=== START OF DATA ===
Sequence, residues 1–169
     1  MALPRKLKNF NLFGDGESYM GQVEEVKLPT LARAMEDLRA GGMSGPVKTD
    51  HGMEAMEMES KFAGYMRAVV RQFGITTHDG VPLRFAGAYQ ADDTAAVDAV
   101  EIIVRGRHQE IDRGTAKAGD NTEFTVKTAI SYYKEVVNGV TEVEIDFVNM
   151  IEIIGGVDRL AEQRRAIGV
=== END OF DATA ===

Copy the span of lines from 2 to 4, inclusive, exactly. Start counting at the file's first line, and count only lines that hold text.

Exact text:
     1  MALPRKLKNF NLFGDGESYM GQVEEVKLPT LARAMEDLRA GGMSGPVKTD
    51  HGMEAMEMES KFAGYMRAVV RQFGITTHDG VPLRFAGAYQ ADDTAAVDAV
   101  EIIVRGRHQE IDRGTAKAGD NTEFTVKTAI SYYKEVVNGV TEVEIDFVNM